Support for Hemophilia in Children
NYU Langone doctors help children with hemophilia manage their symptoms and live as normal a life as possible. In addition, specialists at the Sala Institute for Child and Family Centered Care, part of Hassenfeld Children’s Hospital at NYU Langone, offer access to resources and services that your child may need to cope with frequent intravenous (IV) infusions and other aspects of treatment.
When started early, treatment for children with hemophilia can usually prevent serious bleeding episodes. However, many parents still worry about their child’s safety. Our specialists offer guidance on which sports and activities are safest, and prescriptions for medications that can be used during emergencies. Our doctors also collaborate with your child’s pediatrician, caregivers, and educators to make his or her environment as safe as possible.
Physical Therapy for Joint Pain
In most instances, treatment with clotting factor replacement therapy can prevent repeated episodes of bleeding in the joints. When it occurs, however, the bleeding can lead to pain, inflammation, and joint damage. Children who experience occasional pain or swelling may find relief by applying ice or heat to the affected area.
If more persistent joint pain develops, our doctors may refer your child to a Rusk Rehabilitation physical therapist. The therapist can teach your child exercises and other techniques for reducing swelling around the joints and increasing his or her range of motion. The therapist can also provide tips on how to eat a balanced diet and maintain a healthy weight to avoid putting too much pressure on the joints.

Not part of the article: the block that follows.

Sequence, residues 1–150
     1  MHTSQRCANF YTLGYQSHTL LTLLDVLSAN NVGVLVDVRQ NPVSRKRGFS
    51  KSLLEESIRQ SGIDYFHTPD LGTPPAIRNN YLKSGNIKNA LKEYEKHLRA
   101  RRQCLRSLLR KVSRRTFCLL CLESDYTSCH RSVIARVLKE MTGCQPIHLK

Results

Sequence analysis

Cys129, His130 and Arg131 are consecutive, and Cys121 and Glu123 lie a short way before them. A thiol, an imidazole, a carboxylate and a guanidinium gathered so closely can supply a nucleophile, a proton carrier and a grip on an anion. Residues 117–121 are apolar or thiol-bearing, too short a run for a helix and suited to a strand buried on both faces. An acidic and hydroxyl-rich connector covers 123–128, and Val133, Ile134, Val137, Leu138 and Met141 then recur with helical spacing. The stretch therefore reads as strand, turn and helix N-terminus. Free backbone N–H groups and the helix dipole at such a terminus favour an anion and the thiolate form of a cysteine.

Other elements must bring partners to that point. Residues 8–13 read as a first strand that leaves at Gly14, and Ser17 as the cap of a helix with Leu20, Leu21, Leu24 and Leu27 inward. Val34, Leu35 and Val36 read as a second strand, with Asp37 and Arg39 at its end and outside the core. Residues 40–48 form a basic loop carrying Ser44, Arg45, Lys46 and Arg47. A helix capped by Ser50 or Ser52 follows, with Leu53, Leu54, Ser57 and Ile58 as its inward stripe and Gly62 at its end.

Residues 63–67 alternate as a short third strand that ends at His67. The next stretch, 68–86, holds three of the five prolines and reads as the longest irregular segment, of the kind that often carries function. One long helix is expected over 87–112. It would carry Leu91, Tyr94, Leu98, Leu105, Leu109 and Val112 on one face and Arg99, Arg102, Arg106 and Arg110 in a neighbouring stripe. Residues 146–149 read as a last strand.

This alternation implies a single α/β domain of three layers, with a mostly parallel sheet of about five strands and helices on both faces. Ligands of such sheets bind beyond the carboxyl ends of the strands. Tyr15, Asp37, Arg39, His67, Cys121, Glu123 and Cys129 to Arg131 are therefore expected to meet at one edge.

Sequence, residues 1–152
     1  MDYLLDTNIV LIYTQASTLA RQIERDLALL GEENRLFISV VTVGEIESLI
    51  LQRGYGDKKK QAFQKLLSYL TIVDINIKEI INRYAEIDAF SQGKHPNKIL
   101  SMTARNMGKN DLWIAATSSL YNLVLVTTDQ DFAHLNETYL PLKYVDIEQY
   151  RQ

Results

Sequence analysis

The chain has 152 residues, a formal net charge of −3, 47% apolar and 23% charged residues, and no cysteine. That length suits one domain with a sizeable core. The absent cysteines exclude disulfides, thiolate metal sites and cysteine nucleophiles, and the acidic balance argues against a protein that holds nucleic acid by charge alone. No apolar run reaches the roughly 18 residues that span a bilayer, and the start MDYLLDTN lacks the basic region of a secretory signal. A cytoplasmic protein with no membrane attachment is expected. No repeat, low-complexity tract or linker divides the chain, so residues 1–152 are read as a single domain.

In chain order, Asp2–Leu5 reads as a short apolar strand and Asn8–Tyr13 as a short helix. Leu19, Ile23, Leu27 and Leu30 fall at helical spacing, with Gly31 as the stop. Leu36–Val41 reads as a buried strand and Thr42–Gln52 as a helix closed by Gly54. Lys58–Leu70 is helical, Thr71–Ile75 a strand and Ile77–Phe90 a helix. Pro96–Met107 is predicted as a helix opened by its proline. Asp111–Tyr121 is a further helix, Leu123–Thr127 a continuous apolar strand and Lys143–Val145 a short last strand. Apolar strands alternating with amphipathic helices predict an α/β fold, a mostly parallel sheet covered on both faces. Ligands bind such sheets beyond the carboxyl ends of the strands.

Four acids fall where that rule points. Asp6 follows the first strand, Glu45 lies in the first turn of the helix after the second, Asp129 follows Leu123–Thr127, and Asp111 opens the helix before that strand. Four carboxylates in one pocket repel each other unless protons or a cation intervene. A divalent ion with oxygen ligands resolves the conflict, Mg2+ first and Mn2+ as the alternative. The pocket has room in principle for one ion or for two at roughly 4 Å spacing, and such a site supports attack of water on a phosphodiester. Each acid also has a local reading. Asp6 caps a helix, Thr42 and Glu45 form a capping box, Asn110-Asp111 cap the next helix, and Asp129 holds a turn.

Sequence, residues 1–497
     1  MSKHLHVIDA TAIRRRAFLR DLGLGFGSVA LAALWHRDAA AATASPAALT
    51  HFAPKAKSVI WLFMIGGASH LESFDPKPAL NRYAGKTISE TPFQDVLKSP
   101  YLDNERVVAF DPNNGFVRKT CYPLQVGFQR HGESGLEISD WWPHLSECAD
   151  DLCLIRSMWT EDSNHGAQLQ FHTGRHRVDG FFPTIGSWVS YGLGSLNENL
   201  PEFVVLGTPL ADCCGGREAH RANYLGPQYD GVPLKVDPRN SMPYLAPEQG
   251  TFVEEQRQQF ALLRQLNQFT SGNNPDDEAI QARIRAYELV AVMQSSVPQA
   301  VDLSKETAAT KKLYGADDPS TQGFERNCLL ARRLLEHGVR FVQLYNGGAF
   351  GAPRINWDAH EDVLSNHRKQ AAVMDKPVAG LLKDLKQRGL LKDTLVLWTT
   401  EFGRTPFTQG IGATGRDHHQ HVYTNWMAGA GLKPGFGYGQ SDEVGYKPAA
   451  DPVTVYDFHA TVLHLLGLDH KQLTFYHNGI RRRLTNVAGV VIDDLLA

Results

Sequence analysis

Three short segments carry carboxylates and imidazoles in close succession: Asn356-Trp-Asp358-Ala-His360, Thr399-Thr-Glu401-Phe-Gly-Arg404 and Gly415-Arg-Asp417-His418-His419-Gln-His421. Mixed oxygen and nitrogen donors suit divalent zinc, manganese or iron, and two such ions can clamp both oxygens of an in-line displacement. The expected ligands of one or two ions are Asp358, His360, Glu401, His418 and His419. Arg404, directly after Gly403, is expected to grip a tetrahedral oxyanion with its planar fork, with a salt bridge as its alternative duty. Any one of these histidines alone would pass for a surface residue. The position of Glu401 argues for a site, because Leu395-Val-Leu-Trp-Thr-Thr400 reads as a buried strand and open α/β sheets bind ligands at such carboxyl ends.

Dental and Medical Care
Routine dental care can help prevent bleeding gums in children with hemophilia. If necessary, our doctors can prescribe medication that can reduce the risk of bleeding during dental procedures. They also remind you and your medical and dental providers to avoid giving your child medication that can increase the risk of bleeding, including nonsteroidal anti-inflammatory drugs (NSAIDs) such as ibuprofen or aspirin.
Experts at Hassenfeld Children’s Hospital offer a variety of support groups to help children with hemophilia and their parents and siblings cope with issues surrounding treatment, safety, and the emotional aspects of living with the condition. Support groups address a variety of topics, such as what to do if your child misses school because of treatment, how to decrease anxiety in young children who have repeated IV infusions, and how to manage health insurance questions and concerns.